At Fairouz Cafe, waiters ameliorate appetites with a menu of classic Middle Eastern dishes. Hummus bel-shawarma ($9.95) jump-starts eating engines with a serving of hummus topped by slices of beef and lamb, created by cracking a meat piñata over the plate. The chicken kebab platter unites marinated, boneless chicken cubes with rice ($11.95), and the falafel sandwich corrals fried chickpea patties into bellies ($5.95). Combo appetizer plates such as the yogurt salad with diced cucumbers ($3.50) or the shakshouky, an eggplant salad with diced tomatoes and pomegranate extract ($5.95), juxtapose simple ingredients to accentuate their flavor, much like PB&J sandwiches or barbershop quartets with one rapper. Escort meals to hunger-vanquishing glory on a cascade of nonalcoholic beverages such as juices and smoothies ($4.50) or a toasty pot of Turkish coffee ($3.95). During meals, diners can enjoy the smoky flavors of a hookah (not included with this Groupon), soak in live or DJed music, observe the sensual stylings of a belly dancer, or keep up with sports on wall-mounted televisions.
Mouthwatering scents from traditional tagines trickle through the horseshoe arches of this Moroccan eatery, offering olfactory hints at dishes served up à la carte and family style. Make a bold beginning with a bastilla appetizer, a bastion of Moroccan fare filling thin phyllo dough with chicken or vegetables ($14.99, $24.99 for medium). Next, sink teeth into entrees of vegetarian and meaty varieties, such as the lamb tagine with raisins and almonds in a sweet sauce ($15.99) or vegetable-studded couscous ($12.99). Families, friends, or barbershop quartets can feed on Fez's family-style feasts, which include soup or salad, a bastilla, a tagine or couscous, dessert, and Moroccan mint tea (starting at $46.99). The bistro's bar is open late on weekends to accommodate nocturnal noshers.
Inspired by early 20th century chili parlors, Hard Times Cafe aims to preserve the tradition of delectable, hearty fare served in a friendly, lively community eatery. Elevate taste buds to new heights with an order of legendary grilled wings in one of five flavors, including original Texas, chili-lime, honey-barbecue, and eternity ($8.99 per order). Hard Times Cafe serves four distinct varieties of chili. The authentic chili mac is served over spaghetti with your choice of accouterments ($7.49–$8.89). Burgers, sliders, and chili dogs are easily transportable by hand or hovercraft, and savory steaks and other suppertime favorites provide more refined nourishment options. To reward you for your literary prowess, every Groupon reader who texts HTCGRP to 59925 gets an additional coupon good for one order of bar nachos. Combine this offer with a Groupon, or save it for a subsequent visit.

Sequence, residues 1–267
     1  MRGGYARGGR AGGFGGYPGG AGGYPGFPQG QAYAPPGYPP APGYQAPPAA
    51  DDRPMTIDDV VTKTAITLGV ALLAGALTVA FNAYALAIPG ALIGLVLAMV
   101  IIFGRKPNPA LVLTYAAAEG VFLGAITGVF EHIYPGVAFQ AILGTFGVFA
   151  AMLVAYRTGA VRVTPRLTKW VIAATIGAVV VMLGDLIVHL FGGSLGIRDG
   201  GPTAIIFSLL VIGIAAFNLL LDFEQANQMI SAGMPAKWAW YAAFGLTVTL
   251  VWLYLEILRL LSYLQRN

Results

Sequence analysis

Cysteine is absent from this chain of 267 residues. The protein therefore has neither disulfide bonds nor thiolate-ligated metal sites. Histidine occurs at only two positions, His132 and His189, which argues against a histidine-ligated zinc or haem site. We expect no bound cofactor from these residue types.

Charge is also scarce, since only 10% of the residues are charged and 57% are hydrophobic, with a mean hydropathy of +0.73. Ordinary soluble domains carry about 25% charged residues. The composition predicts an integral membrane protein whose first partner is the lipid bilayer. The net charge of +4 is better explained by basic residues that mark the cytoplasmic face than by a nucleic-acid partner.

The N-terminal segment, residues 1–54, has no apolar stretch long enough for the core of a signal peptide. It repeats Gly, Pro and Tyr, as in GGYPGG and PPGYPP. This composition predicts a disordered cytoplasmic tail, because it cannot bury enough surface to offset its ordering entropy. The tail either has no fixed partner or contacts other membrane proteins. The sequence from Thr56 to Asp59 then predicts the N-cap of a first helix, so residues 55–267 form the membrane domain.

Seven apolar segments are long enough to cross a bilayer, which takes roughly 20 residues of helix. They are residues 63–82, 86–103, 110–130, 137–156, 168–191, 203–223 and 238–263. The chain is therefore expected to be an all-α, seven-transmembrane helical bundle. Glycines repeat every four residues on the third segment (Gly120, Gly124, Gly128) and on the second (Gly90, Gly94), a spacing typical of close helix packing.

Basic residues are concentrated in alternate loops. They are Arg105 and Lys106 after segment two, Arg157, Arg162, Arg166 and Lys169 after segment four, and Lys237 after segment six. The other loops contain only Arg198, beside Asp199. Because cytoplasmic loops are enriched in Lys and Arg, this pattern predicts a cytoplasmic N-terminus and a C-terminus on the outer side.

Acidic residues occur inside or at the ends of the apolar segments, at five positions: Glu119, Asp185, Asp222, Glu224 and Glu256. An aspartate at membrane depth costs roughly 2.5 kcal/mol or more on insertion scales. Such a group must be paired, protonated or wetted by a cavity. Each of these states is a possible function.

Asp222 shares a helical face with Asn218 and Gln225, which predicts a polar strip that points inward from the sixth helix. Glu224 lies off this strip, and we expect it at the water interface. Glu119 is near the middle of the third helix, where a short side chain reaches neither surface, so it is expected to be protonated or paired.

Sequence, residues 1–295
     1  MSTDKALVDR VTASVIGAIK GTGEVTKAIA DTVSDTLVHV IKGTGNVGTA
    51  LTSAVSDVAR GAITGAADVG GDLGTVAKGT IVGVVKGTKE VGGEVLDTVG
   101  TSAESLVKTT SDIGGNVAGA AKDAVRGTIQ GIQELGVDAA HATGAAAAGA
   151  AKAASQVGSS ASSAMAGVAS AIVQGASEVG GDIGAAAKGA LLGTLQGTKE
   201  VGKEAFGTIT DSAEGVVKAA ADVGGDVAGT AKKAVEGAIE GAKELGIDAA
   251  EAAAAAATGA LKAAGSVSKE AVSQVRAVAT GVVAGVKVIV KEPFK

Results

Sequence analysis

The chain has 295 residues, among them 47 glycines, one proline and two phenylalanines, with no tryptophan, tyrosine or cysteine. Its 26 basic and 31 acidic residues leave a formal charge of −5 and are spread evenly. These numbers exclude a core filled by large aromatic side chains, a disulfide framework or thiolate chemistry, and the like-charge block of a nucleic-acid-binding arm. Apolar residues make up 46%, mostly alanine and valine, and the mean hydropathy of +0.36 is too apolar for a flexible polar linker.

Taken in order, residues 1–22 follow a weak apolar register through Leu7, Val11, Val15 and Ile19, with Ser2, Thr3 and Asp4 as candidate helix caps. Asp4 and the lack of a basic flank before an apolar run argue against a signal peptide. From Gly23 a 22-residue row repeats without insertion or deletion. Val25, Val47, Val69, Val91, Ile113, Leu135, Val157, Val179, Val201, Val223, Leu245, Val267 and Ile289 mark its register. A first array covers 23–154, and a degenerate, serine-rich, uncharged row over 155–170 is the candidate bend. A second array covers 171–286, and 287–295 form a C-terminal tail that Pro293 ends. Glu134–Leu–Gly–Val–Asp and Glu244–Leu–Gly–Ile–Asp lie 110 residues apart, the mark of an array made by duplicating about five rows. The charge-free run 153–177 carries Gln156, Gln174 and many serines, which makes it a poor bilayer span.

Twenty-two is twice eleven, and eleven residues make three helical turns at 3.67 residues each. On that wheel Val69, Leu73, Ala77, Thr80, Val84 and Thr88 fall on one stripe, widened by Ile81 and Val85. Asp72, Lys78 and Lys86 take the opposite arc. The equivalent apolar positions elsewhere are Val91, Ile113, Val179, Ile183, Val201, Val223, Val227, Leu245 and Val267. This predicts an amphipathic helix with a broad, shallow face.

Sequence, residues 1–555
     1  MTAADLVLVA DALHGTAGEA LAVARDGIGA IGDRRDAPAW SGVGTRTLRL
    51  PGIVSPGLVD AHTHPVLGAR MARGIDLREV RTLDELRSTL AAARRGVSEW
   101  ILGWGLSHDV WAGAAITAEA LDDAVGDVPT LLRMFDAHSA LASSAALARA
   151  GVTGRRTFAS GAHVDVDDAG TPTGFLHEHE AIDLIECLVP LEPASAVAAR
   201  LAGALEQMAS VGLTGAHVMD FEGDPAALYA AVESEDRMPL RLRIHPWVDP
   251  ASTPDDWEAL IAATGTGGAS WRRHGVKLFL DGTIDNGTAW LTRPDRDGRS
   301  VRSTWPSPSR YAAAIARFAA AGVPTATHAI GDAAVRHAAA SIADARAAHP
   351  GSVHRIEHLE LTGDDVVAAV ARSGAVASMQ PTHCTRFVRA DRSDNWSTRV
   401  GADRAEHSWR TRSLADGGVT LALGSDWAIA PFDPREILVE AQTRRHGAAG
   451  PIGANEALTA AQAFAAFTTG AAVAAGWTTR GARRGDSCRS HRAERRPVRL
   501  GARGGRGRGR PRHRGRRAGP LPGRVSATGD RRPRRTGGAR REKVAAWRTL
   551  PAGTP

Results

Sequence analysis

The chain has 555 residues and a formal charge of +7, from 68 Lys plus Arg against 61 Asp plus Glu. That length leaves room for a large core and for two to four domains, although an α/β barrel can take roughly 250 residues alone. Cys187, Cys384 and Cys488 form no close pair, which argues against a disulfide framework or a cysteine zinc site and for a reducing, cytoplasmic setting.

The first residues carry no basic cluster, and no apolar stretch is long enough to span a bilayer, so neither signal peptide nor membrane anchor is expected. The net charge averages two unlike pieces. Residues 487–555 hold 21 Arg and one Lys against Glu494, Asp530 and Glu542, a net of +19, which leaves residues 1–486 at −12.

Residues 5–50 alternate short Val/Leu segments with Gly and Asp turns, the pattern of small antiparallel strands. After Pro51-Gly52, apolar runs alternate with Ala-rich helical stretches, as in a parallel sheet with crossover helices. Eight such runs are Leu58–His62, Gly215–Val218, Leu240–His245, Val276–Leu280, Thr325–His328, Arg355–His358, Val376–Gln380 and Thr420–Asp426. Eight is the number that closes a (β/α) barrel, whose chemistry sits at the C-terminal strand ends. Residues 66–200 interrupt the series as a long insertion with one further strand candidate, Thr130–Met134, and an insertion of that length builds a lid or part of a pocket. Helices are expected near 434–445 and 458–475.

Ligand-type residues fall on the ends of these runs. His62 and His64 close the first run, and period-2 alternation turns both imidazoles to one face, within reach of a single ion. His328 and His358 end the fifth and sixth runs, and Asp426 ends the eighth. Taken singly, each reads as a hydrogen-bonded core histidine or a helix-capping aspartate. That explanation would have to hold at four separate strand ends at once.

For almost 50 years, Virginia Ballet Company and School has borrowed from the rich, centuries-old traditions of Russian ballet to mold fledgling tip-toers into strong, agile, and graceful dancers. Following the expertly adapted choreography of the studio's late co-founding artistic director, Tania Rousseau, a cast of professional dancers prepares students ages three and up to participate in school-run classical productions, granting them the opportunity to twirl into important roles such as The Nutcracker or The Helicopter Propeller. The company hosts classes of varying difficulties in a studio with raised, spring-loaded floors that reduce injury, fixed and portable handrails, and wall-length mirrors for checking and correcting posture.
Saphira, the matriarch and founder of Saffron Dance, didn’t even exist 20 years ago, much like “I survived Y2K” bumper stickers. Saphira was known as Rachael Galoob-Ortega, a lawyer who practiced in DC and Florida for a decade. But her high-power career and hefty paycheck couldn’t extinguish her passion for dance. And so she became Saphira, an international belly-dance artist and instructor with numerous accolades, including being featured in American Belly Dancer, a documentary about belly dance in the United States.
Saphira opened Saffron Dance six years ago, and along with 18 fellow instructors, channels her years of expertise into dance courses that get progressively more challenging from week to week. Welcoming all levels, her classes teach both Egyptian-inspired belly dance and community-focused tribal belly dance. Regardless of the class type, Saphira and her teachers encourage pupils to express their unique voices through dance, all while keeping proper alignment, mastering precision, and having fun.